Neil Roberts – New Zealand’s Guy Fawkes?

The Wanganui Computer Centre after it was bombed by Neil Roberts in 1982 (click for image credit)

The Wanganui Computer Centre after it was bombed by Neil Roberts in 1982 (click for image credit)

November has just passed and New Zealand once again had its regular celebration of Guy Fawkes, marking the English gunpowder plot of 1605. Passing by almost unnoticed this November was the 30th anniversary of an event that may have been the nearest New Zealand equivalent to the gunpowder plot. At 12.35 a.m. on 18 November 1982, punk anarchist Neil Roberts blew himself up in an attack on the Wanganui Computer Centre, the building that held the national police computer.

A number of people who knew 22-year-old Roberts maintained that his death in the blast was intentional rather than accidental. The foyer of the computer centre was seriously damaged, but the computer itself was not affected and security guards on site were unharmed. Roberts left graffiti on a nearby toilet block: ‘We have maintained a silence closely resembling stupidity’. This was a quote from the revolutionary Junta Tuitiva, of La Paz, which fought against the Spanish for the freedom of Bolivia in 1809.

Neil Roberts was part of the punk sub-culture that emerged in late-1970s New Zealand. Punk in New Zealand was a response to music and styles developing in the UK and the USA as bands such as the Sex Pistols, the Clash and the Ramones redrew the cultural map. It incorporated an attitude of rebellion against authority, with a reaction against the ‘bad disco’ and  ‘boring hippy’ music of the early 1970s. Punk music relied on noise, attitude and just doing it, with little regard for any sort of musical ability. In New Zealand bands such as the Suburban Reptiles, the Scavengers, Flesh D-Vice and Proud Scum sprang into existence. While most punk bands did not last long, the DIY approach they promoted was to have an indelible influence on the New Zealand music scene. The punk scene provided an introduction for such great musicians and songwriters as the Enemy’s Chris Knox and the Plague’s Don McGlashan.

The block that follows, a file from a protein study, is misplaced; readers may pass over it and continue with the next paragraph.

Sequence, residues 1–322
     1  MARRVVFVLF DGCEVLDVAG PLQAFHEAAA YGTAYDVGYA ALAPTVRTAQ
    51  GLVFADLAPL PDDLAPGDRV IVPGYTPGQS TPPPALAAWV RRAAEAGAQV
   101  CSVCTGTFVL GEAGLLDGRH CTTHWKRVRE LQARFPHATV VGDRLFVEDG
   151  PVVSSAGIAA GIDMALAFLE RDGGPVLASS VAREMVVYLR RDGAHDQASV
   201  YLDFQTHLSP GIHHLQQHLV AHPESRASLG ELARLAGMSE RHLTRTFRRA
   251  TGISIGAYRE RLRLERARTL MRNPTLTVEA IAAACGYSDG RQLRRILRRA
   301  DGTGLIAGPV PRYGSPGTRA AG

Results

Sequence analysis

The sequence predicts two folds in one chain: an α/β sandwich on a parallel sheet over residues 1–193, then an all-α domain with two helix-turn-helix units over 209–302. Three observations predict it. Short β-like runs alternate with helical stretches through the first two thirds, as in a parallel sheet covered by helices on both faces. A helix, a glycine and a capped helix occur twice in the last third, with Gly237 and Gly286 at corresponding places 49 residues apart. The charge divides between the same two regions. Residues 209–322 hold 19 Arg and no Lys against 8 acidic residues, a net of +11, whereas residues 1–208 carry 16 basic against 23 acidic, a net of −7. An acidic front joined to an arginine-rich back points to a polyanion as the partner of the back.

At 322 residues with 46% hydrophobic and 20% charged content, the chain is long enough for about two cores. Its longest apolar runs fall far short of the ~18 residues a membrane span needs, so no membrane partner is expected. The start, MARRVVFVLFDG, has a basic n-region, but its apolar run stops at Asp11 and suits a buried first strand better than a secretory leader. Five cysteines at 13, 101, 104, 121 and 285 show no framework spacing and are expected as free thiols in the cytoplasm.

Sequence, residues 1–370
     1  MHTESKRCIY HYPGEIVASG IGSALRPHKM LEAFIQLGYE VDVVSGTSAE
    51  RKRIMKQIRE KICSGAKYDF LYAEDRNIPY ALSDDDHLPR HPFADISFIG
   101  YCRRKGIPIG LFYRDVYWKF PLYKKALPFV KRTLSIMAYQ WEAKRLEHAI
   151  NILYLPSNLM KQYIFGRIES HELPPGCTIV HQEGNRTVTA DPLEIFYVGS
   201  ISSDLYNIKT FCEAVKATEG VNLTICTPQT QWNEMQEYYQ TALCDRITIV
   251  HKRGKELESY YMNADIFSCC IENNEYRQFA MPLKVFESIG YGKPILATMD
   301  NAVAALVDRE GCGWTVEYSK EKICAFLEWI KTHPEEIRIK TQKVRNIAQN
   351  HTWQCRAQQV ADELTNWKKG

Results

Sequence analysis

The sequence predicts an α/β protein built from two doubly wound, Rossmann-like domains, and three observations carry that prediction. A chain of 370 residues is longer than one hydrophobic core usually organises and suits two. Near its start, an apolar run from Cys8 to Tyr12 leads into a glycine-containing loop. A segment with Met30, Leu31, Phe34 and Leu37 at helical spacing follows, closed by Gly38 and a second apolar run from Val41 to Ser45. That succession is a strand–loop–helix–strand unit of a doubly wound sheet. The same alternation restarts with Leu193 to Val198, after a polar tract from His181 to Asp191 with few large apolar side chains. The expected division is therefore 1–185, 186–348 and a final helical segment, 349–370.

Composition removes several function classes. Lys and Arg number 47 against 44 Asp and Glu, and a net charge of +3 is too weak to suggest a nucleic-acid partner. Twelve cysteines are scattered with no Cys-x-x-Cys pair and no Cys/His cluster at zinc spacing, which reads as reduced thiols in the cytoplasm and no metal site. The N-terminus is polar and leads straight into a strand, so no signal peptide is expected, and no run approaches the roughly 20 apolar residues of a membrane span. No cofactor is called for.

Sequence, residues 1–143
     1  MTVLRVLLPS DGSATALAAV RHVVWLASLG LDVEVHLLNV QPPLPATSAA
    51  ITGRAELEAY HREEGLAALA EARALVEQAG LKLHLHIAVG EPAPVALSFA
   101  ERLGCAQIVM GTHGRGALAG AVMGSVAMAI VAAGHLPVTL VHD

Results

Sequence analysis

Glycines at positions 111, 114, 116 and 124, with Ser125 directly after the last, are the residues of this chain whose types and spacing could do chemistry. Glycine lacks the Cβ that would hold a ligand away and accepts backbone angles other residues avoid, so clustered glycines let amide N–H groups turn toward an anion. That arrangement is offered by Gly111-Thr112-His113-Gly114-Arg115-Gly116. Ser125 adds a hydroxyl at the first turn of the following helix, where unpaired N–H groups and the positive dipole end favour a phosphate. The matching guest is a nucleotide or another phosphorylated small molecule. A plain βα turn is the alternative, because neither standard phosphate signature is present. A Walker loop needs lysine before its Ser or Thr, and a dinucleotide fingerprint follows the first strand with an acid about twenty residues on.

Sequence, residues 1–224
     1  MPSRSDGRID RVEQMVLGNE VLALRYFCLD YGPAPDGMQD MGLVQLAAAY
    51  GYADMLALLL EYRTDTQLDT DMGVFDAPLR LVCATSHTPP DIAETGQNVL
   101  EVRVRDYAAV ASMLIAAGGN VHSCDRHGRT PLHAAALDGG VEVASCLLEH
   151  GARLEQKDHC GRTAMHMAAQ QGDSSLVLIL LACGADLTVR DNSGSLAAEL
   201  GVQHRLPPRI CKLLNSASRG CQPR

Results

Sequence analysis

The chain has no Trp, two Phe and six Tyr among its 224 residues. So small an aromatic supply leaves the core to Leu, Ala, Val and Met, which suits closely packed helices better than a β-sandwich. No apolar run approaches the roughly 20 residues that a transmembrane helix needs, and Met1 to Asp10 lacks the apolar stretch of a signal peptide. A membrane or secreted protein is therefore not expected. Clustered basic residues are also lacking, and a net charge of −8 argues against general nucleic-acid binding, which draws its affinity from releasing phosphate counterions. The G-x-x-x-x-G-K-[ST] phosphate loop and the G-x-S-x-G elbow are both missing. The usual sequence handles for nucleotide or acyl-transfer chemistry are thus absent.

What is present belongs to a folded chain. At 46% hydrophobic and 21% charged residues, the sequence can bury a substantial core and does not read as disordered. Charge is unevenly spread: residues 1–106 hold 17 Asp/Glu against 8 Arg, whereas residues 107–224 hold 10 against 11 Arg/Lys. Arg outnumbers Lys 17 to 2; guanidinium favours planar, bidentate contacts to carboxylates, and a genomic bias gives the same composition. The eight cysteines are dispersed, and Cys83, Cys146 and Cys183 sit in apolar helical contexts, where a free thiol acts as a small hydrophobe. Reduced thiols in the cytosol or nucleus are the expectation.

Most young people were simply interested in punk for the music, the styles, a bit of rebellion and, for many, a chance to drink or take drugs. It also provided many young people with a sense of community they felt lacking in wider society. A more sinister element was provided by some of the skinheads and bootboys, who brought a violent racist element to the scene. On the other hand, some punks took a more serious political view of the idea of anarchy, adopting the left wing anti-racist stance of bands like the Clash. Neil Roberts himself came to left-wing anarchist ideas through reading the 19th-century Russian anarchist Mikhail Bakunin, rather than through listening to the Sex Pistols’ Never mind the bollocks.

For many young people, especially young Māori and Polynesians, reggae music was fulfilling a similar role to punk in the late 1970s and early 1980s. Musicians such as Jimmy Cliff, Peter Tosh and Bob Marley called on people to ‘Get up, stand up, stand up for your rights.’ Marley’s concert in Auckland in 1979 literally changed the appearance of the country, as dreadlocks spread across the nation. Bands such as Herbs, Dread Beat and Blood, and Aotearoa sang anthems of pride, unity and resistance.

In the late 1970s and early 1980s many young people felt they had something to resist. New Zealand society under Robert Muldoon’s administration seemed to them stultified, conformist, racist and authoritarian. The dawn raids against Polynesian overstayers were followed by the Bastion Point occupation and the subsequent police crackdown. There were protests against the increasing power of the SIS (the Security Intelligence Service) and against Muldoon’s attempts to fast track his Think Big projects with the National Development Act 1979. A government that talked about freedom maintained laws that outlawed male homosexuality. Visits by nuclear ships became more frequent, while atomic war looked like a distinct possibility with Ronald Reagan and Margaret Thatcher’s fingers on the button. The Springbok Tour of 1981 brought home to New Zealanders just how much power a modern state could use against its own citizens. Neil Roberts protested against the Springbok Tour and marched at Waitangi to support Māori rights. He was also well known for his ‘Drug takers against the bomb’ badges.

For many young punks and rastas (Rastafarians) police harassment on the streets was a fact of life at that time. The Wanganui police computer, the central base for police records, was seen by Neil Roberts and other dissidents as a symbol of police oppression. In an age before computer hacking, Roberts decided to target the computer with gelignite and to kill himself in the process. Such an action was deeply ironic given that Roberts basically saw himself as a pacifist.

Thirty years on the death of Neil Roberts can be seen as both tragic and futile. In the years since 1982, New Zealand society has undergone dramatic changes, both positive and negative. The cultural and political ferment in late 1970s and early 1980s youth culture was a small but significant factor in this change. It can now be seen as fortunate that New Zealanders largely chose peaceful methods of protest, rather than the methods of violence and despair all too prevalent in the modern world.

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